Scope and Admissibility of Circumstantial Evidence in Criminal Cases in Pakistan

  • Ashfaq Hussain University of Sahiwal, Sahiwal, Pakistan
  • Imtiaz Ahmed Khan University of Sahiwal, Sahiwal, Pakistan
Keywords: admissibility, circumstantial evidence, conviction and apex court, credibility, fact in issue, relevant facts, reliability


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In a legal system, the courts have to rely on evidence for the dispensation of justice. The evidence may be either testimony of eyewitnesses or confession of the accused or other indirect evidence also known as circumstantial evidence. Circumstantial evidence holds greater significance in the dispensation of justice as many cases do not have enough direct evidence to prove the guilt of the accused. The court has to depend on circumstantial evidence because it establishes linkages between various events connecting the accused to the commission of crime. The principle of circumstantial evidence is that the circumstances presented should be capable of explaining the guilt of the accused only, while simultaneously ruling out any other hypothesis regarding their innocence. This research paper aims to explore the scope and importance of circumstantial evidence in criminal cases in Pakistan, considering the decisions of the higher courts of Pakistan. The study also examines the principles of the apex courts of Pakistan and other jurisdictions regarding circumstantial evidence, and the reliability of this evidence for the purpose of conviction.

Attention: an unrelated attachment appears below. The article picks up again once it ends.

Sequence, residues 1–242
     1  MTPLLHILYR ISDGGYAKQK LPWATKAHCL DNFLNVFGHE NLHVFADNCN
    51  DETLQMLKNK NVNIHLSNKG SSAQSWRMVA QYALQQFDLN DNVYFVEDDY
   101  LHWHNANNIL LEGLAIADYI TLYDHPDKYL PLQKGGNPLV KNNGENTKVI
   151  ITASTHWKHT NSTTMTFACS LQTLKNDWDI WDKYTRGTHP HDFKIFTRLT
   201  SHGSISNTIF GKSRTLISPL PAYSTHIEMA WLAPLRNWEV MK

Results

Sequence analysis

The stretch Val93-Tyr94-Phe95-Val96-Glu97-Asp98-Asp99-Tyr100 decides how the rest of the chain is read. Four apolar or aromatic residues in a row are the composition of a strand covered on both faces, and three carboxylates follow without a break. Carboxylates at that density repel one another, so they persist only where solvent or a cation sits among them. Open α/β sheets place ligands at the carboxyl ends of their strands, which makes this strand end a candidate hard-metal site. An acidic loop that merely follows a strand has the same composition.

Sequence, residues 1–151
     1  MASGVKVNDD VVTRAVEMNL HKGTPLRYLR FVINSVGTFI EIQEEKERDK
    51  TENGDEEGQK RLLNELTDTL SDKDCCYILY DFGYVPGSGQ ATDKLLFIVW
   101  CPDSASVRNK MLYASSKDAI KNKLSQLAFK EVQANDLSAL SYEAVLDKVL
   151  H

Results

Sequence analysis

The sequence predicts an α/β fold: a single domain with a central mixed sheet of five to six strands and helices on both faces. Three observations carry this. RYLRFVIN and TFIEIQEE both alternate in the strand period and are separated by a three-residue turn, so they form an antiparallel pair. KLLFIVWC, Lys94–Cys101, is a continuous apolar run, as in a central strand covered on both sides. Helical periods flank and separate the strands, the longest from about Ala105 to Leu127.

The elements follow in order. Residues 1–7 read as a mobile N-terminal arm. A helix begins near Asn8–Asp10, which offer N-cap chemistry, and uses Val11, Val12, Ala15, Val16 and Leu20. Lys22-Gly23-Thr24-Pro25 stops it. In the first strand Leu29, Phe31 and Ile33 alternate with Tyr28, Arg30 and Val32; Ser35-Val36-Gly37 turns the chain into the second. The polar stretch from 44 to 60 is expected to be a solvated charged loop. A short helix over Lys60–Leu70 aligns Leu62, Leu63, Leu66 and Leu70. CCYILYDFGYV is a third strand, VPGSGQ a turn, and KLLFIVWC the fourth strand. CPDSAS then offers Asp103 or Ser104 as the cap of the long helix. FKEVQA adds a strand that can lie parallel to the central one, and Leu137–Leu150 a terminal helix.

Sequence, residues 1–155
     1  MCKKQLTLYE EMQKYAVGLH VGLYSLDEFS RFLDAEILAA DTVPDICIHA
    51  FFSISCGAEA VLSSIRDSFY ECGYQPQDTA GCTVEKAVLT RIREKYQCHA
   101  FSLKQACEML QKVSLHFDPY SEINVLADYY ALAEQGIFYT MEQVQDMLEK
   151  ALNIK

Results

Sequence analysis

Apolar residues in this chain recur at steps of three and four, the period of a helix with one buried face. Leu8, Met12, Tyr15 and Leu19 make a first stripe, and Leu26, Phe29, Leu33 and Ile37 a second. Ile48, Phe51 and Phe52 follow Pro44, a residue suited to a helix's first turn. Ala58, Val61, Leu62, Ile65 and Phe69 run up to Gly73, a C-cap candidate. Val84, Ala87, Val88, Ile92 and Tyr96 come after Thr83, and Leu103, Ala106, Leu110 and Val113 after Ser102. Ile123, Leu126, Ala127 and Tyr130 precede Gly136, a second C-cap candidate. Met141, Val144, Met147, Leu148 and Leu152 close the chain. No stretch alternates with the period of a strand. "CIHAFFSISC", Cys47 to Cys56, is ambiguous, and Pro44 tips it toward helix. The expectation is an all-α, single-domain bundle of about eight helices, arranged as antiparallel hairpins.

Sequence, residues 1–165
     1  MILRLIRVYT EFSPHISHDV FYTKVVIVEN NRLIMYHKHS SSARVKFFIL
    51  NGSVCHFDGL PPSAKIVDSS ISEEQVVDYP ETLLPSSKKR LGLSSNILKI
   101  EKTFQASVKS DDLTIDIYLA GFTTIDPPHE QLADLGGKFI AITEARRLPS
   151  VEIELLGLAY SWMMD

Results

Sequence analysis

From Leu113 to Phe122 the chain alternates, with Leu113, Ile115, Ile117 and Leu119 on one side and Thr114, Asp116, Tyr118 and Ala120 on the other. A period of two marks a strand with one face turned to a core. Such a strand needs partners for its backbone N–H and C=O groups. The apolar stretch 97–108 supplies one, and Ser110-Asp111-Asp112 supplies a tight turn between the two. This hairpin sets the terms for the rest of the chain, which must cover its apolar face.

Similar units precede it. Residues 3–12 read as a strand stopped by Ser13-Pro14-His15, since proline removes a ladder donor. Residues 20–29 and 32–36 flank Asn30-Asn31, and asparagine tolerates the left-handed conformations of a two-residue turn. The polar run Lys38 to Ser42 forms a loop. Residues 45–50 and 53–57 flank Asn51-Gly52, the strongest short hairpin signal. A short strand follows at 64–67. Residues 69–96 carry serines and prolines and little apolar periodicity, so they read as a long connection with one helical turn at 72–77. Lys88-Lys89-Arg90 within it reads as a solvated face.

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How to Cite
Hussain, A., & Khan, I. A. (2023). Scope and Admissibility of Circumstantial Evidence in Criminal Cases in Pakistan. Law and Policy Review, 2(2), 111-129. Retrieved from